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'Too optimistic': Japan tax hike not enough to boost nation's finances

The Japan Times

Japan's tax revenue is expected to end up lower than the record high figure estimated in the fiscal 2020 draft budget, with critics saying the initial tally was based on an economic growth forecast that was "too optimistic." Since Prime Minister Shinzo Abe returned to power in late 2012, the actual pace of growth in the world's third-largest economy has exceeded his government's forecast only twice. In the extra budget for fiscal 2019, the Finance Ministry revised down its tax revenue estimate for the year through March to ¥60.18 trillion ($550 billion) from ¥62.50 trillion due to a drop in corporate earnings amid a slowdown of the global economy. Given the move, economists suspect that despite October's increase in the consumption tax by 2 points to 10 percent, the government would have to lower the tax revenue estimate again for the following fiscal year, from a record ¥63.51 trillion. The estimate was part of a record ¥102.66 trillion in the nation's initial general account budget for the year starting next April, which Abe's Cabinet approved Friday for submission to the Diet next year.

Government projects Japan far from achieving fiscal health goal by 2025

The Japan Times

The government is far from achieving its target of running a primary balance surplus in fiscal 2025 despite increased tax revenue, the government's latest longer-term projections showed Monday. According to the projections, the government will run a primary balance deficit of at least ¥2.4 trillion in the fiscal year ending March 2026 unless it takes more steps to improve its finances. That means the government will have to boost revenue by more than projected, cut spending, or both, to achieve its goal of logging a primary balance surplus by that year. A primary balance surplus means that tax revenue is more than sufficient to cover all discretionary government spending, or spending on everything but interest payments on public debt. Without further government action, the goal will not be achieved until fiscal 2027, two years behind target, according to the latest projections and the assumptions on which they are based.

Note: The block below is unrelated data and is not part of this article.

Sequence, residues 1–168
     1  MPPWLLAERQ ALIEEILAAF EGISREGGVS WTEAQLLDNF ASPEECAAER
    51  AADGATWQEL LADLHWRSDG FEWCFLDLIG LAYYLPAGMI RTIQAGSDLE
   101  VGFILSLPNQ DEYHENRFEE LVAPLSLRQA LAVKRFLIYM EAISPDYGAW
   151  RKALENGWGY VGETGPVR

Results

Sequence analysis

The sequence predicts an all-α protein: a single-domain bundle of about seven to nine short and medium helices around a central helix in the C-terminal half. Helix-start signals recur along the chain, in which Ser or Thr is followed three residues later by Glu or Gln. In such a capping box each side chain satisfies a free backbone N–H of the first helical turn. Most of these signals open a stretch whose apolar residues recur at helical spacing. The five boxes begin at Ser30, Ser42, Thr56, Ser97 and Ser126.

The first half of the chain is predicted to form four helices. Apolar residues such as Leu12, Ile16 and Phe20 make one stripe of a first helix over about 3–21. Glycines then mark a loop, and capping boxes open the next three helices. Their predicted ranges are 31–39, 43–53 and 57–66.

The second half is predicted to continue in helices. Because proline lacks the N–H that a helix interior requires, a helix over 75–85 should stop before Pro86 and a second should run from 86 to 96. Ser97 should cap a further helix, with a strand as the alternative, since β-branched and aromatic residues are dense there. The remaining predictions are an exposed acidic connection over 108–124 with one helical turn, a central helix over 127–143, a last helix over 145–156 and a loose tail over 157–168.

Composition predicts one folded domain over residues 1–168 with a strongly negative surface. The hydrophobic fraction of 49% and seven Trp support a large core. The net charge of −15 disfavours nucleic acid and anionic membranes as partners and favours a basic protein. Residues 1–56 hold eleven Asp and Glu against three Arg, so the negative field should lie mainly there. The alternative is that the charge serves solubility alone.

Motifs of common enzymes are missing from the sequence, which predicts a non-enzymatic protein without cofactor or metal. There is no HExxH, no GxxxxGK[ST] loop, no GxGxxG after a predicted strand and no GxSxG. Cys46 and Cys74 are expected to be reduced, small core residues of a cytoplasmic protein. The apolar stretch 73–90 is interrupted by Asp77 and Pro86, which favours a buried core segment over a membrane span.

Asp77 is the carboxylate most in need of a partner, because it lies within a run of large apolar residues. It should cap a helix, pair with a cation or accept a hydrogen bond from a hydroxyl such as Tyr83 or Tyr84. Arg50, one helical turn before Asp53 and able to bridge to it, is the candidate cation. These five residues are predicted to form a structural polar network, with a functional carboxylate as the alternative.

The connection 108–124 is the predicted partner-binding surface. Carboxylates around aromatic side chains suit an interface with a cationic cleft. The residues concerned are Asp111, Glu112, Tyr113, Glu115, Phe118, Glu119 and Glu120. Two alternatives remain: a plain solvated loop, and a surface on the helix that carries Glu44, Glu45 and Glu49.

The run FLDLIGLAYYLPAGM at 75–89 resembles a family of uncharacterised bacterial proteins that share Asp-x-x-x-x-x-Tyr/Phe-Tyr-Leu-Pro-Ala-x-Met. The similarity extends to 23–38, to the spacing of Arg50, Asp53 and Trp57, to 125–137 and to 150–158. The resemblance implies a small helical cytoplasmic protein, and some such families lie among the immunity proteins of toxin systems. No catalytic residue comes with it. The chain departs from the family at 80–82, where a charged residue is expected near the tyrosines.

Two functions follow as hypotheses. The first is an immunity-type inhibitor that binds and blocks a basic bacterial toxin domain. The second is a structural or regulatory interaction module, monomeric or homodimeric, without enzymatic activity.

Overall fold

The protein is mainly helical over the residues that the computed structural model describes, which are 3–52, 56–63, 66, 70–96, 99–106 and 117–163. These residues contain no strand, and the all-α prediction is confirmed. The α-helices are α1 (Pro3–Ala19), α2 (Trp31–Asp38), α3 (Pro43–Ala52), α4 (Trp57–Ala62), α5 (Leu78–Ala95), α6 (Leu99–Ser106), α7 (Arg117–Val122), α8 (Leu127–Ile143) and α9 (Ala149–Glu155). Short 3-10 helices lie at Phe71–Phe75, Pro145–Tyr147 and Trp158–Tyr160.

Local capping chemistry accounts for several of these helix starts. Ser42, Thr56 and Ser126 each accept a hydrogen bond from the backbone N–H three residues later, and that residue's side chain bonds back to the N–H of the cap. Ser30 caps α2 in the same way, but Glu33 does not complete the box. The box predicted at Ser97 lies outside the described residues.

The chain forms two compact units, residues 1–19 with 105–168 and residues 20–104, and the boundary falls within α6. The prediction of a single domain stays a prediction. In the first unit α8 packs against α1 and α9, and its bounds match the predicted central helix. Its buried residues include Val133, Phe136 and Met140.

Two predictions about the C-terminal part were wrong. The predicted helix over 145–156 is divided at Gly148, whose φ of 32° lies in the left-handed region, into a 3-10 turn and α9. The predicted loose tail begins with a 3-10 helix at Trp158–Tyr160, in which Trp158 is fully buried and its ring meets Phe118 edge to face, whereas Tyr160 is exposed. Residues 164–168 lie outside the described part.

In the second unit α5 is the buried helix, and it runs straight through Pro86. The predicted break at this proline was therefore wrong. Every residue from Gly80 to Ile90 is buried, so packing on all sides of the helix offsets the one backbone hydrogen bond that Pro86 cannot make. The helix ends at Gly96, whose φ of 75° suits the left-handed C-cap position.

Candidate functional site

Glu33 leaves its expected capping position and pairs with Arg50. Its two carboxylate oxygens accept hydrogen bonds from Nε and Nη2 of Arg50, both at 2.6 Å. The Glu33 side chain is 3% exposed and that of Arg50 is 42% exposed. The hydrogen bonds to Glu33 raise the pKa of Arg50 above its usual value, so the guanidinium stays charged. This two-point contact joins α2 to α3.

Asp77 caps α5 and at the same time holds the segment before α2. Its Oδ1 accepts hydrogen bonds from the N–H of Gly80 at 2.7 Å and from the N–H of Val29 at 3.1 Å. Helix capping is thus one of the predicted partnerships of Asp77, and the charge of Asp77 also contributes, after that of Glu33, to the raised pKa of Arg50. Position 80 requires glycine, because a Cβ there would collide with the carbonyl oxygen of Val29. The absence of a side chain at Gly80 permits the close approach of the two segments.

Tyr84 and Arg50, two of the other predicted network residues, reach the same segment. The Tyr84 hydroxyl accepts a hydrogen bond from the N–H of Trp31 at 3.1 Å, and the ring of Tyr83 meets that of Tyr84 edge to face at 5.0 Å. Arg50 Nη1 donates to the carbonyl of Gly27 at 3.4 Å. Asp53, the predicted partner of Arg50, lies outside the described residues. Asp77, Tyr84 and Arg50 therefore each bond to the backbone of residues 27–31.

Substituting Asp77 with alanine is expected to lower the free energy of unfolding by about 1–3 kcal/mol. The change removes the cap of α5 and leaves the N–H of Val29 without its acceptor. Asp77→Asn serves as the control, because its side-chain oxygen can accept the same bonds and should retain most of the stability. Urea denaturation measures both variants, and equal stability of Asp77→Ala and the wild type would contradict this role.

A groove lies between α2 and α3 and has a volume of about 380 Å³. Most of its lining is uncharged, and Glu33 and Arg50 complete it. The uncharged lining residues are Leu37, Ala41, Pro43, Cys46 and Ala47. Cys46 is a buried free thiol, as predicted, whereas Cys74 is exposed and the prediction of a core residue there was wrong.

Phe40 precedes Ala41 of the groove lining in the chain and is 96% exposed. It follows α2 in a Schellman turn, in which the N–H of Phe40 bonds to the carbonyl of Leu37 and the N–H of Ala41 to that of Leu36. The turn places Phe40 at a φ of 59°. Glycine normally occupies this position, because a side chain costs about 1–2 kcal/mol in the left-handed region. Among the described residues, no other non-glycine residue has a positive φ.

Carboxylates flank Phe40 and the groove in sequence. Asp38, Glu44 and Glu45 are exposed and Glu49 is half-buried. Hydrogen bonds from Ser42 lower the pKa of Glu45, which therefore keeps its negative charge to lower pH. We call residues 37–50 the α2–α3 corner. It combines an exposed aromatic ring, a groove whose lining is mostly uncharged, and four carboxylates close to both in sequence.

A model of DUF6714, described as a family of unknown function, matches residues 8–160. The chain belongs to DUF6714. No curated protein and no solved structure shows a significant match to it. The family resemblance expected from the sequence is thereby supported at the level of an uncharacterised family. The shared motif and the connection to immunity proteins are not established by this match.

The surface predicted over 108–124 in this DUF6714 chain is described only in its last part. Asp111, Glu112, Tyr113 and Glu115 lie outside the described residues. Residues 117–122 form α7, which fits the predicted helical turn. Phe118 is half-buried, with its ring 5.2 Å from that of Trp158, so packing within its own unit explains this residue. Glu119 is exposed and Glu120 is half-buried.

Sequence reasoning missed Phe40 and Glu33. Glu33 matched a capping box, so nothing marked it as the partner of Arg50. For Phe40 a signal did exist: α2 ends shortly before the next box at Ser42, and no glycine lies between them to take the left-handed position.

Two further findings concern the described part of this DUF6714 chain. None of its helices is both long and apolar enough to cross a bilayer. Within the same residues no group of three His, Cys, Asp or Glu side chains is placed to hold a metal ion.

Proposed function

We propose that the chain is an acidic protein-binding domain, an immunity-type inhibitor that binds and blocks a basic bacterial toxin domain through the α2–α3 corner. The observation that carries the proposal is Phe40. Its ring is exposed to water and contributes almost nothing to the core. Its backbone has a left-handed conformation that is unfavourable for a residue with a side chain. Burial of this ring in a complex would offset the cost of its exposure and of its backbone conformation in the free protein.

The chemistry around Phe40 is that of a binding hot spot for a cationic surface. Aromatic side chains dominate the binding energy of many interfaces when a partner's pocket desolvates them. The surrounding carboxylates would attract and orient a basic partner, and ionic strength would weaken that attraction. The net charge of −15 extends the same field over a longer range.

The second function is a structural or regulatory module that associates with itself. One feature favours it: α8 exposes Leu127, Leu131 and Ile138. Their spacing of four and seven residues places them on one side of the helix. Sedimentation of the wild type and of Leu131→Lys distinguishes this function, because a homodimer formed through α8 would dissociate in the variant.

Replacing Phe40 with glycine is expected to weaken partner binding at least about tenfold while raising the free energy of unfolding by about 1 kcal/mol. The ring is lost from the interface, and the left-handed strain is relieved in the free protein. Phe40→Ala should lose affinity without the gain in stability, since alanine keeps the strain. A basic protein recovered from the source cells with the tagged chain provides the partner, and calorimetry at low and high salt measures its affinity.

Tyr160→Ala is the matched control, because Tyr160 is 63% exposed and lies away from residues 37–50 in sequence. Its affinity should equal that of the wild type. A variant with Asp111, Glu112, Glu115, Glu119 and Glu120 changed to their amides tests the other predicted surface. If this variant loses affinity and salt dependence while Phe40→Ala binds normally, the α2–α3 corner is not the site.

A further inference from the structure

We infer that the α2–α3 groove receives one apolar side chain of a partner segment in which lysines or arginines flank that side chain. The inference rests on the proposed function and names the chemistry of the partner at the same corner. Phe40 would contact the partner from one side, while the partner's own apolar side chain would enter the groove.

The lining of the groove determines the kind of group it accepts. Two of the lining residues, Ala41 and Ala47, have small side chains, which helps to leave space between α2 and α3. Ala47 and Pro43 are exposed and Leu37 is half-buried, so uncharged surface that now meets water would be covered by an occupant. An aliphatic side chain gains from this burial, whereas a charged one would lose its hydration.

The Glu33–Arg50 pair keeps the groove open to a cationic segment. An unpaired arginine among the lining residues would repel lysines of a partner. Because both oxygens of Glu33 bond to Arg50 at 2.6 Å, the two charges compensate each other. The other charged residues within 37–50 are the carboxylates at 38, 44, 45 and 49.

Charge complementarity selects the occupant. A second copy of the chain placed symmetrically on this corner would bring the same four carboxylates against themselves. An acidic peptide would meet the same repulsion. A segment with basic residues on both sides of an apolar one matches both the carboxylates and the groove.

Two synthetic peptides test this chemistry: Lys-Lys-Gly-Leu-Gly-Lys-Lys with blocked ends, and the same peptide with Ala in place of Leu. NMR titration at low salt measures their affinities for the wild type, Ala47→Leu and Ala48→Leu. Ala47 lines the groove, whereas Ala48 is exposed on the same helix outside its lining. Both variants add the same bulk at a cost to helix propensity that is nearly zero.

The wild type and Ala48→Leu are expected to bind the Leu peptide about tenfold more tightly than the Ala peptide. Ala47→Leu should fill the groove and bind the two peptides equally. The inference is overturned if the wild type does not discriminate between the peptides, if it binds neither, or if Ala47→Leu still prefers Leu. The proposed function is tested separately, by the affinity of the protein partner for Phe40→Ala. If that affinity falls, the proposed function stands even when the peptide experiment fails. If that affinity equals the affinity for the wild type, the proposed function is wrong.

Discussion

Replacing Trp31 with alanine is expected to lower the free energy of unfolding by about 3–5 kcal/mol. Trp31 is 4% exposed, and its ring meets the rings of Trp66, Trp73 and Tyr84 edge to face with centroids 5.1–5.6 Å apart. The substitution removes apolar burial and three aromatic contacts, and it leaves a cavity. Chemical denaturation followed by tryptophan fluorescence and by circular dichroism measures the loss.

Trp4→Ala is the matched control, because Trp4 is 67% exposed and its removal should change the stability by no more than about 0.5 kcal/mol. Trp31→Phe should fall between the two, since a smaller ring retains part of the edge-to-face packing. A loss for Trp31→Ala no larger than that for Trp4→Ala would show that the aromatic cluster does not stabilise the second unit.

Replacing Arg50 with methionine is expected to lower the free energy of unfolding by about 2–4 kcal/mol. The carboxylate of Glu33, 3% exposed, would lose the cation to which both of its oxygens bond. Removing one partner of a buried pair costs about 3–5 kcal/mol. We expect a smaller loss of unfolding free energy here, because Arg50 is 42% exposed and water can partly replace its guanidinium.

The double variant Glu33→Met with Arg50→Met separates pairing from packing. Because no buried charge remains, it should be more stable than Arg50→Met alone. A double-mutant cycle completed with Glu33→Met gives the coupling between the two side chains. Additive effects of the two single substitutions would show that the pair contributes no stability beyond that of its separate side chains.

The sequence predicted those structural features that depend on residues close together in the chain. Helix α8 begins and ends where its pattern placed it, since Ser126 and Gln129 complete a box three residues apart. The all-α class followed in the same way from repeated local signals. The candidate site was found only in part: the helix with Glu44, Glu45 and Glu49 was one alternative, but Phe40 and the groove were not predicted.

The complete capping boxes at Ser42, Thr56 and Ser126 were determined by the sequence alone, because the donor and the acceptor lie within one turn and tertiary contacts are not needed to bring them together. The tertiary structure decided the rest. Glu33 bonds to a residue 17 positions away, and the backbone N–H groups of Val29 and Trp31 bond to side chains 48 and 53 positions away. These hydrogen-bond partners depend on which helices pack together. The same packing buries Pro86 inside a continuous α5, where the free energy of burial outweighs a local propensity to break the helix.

Portland Democrat's Primary Loss Set to Shift Senate Balance

U.S. News

Former state Rep. Shemia Fagan beat incumbent Sen. Rod Monroe for the Democratic nomination in the 24th District. And no Republican candidate registered in the East Portland district, where GOP voters are outnumbered by Democrats nearly two-to-one, making it all but certain that Fagan will take the seat in the November general election.

China's March global trade balance moves into deficit while surplus with U.S. little changed at $15.4 billion

The Japan Times

BEIJING – China's global trade balance swung to a rare deficit in March as exports shrank but its surplus with the United States, the center of a worsening dispute with Washington, stood at $15.4 billion. Exports contracted 2.7 percent from a year earlier to $174.1 billion in a possible sign of weak global demand, down from the 24.4 percent growth seen for the first two months of 2018, customs data showed Friday. Imports rose 14.4 percent to $179.1 billion, though that was down from 21.7 percent growth in January and February in a possible indication of slower Chinese demand. The trade surplus with the United States contracted 13 percent from a year earlier, while China's global trade balance swung to a $5 billion deficit. China routinely runs multibillion-dollar monthly surpluses with Europe and the U.S., which helps to offset deficits with Japan, South Korea and developing countries that supply industrial components and raw materials.

Ex-UAW Official to Serve Balance of Sentence at Home

U.S. News

Since 2017, nine union officials and a late official's spouse have pleaded guilty in the government's investigation, which has stretched from the UAW's coffers to a job training center funded by Fiat Chrysler. Some officials took kickbacks from union contractors.